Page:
We are braced for only two more days of this particularly cold ‘snap’ which we trust will be over by Monday. Meg and I braved the walk to the newsagents today but the conditions were not at all pleasant as the icy winds were driving in our faces. Nonetheless, we survived and collected our complement of Saturday newspapers (which are always replete with supplements of various kinds, some of which go straight into the recycling bin) In the park we did meet with our Birmingham University friend but we all decided that as it was so very cold today (-3°but the wind-chill factor made it seem a lot colder than this) so we decided to drink our respective coffees and get on our way home so we did not catch cold. When we did arrive home, we regaled ourselves with some hot soup which is always a useful way to get warmed up from the inside. We then prepared a fairly traditional Saturday lunch which involves baking some of the specialist sausages we get from Waitrose and give ourselves the occasional treat.
The highlight of today was certainly the two 6-Nations rugby matches, one played in the early afternoon and the other in the late afternoon. The first match was England vs. Italy and England certainly improved on their abysmal performance of a week ago, when they were beaten by Scotland. Today, England had an easy win over Italy which was to be expected and their performance had certainly improved but they still have some way before they meet the Welsh who will be playing on their home ground in a fortnight’s time. The second match was Wales vs. Scotland and this proved to be pulsating. The Scots soared to several points ahead but then had a man sent off ‘(red-carded’) for foul play in the ruck and the whole tenour of the game changed with the Welsh coming back strongly. In the event, the Welsh won by a margin of 1 point and in the last few minutes of the game either side could have won with a last minute score. Actually, the Scots captain was heading for the line with the ball in hand and only 2-3 minutes left on the clock – but then he slipped on the wet Scottish turf and the opportunity was lost. This is just to show what fine margins there can be at this level and how often rugby games are won or lost with only a minute or so remaining (quite unlike Association Football)
The government is well on target to get 15 million vaccinated by Monday. The total tonight is 14.5 million so could well be exceeded by the end of tomorrow and certainly will be by Monday. The target seemed incredibly ambitious when it was set about a month ago so for once, the UK government has actually delivered to a target on time. This means that by Monday, all of the 70 + segments of the population will have been vaccinated, including some others whose health status is such that they need to be vaccinated immediately. The next target will be get all of the 60-69 year olds vaccinated and then all of the 50+ in the population. This last milestone when it is achieved may prove to be highly significant and important in the campaign against the COVID-19 virus. When all of the 50 and upwards have been vaccinated (in about a couple of month’s time) then Including the over-50s covers 98% of those who die from coronavirus – and about 80% of all those who go into hospital. Furthermore, as Professor Whitty has stated 'If we then vaccinate all the way down to people over 50 and those who have actually got pre-existing health conditions, you then get through virtually all the people who have a high chance of dying.' So it is hard to overstate the importance of this stage of the vaccination process once we get to it. Of course, the protection will need to be enhanced by a second dose some three months after the first (in the case of the Oxford/AstraZeneca vaccine) and, then potentially, some additional boosters in the autumn to cope with strains such as the South African variant (and any others that might have emerged by then) And, of course, we will have the normal ‘flu vaccination programme starting in the Autumn, so I feel that we will have to get used to vaccinations for many months and years ahead.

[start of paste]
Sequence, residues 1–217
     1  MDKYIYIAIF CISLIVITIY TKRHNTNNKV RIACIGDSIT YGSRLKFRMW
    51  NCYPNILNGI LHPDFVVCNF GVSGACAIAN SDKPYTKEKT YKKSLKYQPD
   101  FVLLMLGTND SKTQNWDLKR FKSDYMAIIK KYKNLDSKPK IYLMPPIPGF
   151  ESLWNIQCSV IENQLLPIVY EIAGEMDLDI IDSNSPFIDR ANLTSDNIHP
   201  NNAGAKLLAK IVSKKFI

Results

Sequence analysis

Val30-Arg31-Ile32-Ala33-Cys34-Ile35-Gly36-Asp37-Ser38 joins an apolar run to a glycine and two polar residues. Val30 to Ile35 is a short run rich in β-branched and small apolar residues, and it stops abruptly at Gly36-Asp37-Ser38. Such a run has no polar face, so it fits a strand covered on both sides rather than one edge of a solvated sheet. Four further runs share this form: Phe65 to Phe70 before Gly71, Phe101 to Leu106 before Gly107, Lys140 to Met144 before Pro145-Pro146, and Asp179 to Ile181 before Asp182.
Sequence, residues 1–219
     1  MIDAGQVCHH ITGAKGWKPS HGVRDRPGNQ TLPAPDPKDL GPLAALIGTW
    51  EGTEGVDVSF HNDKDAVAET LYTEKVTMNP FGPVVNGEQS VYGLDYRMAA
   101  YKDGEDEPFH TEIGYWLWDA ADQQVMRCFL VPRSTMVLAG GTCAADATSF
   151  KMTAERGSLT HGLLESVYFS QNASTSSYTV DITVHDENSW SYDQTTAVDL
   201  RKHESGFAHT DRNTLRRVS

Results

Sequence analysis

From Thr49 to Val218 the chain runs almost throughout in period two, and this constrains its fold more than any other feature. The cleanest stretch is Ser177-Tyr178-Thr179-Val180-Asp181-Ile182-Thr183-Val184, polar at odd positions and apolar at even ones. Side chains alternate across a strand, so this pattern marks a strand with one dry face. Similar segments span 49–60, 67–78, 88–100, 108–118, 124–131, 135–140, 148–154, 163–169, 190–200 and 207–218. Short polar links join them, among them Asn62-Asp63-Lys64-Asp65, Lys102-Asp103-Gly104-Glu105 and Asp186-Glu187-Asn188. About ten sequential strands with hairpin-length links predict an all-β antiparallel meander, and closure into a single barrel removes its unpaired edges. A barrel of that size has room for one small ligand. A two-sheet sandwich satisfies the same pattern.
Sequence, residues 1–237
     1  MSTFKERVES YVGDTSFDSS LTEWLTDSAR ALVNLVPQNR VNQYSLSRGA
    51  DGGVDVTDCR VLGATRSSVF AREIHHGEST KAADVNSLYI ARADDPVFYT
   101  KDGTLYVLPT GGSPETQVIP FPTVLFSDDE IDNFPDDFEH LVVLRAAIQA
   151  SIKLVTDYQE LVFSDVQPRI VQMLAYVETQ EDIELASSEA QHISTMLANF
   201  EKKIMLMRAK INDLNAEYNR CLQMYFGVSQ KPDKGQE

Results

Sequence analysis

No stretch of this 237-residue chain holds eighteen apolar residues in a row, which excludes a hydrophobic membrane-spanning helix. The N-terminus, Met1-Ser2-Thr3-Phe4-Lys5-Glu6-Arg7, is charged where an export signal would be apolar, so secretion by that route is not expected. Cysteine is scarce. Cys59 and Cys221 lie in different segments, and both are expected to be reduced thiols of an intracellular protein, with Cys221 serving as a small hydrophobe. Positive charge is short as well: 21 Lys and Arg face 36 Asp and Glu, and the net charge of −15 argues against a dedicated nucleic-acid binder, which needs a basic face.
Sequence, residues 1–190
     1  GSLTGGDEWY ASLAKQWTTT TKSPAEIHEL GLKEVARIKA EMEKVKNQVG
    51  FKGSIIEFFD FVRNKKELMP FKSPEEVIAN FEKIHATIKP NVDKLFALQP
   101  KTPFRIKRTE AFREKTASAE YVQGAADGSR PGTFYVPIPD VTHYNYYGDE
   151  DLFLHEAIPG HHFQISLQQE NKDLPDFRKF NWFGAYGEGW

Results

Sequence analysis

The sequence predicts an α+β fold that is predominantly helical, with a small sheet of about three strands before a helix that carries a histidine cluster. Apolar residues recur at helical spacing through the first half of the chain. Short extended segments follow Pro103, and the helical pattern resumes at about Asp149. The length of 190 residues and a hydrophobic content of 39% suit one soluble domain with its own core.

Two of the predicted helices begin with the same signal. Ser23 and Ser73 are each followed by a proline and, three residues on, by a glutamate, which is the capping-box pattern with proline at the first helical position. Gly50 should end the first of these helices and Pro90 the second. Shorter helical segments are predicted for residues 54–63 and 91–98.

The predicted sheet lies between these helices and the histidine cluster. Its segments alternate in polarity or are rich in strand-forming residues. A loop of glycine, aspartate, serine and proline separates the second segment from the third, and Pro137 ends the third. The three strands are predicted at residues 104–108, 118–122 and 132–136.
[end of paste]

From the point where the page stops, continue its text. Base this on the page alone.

Now for a piece of absolute trivia. When the Flying Scotsman first started its non-stop journeys between London and Edinburgh and offered a high class dining facility, what to do if you ran out of salmon half way through the journey? The solution was to put a message on a piece of paper and stick it into the cleft of a potato and then throw that into the vicinity of a passing signal box. The signal man would then telegraph ahead for fresh supplies of salmon which which find its way (somehow!) into the Flying Scotsman cab no doubt travelling at speed. How this was achieved was not actually revealed by my source (A BBC programme called Full Steam Ahead playing in the background)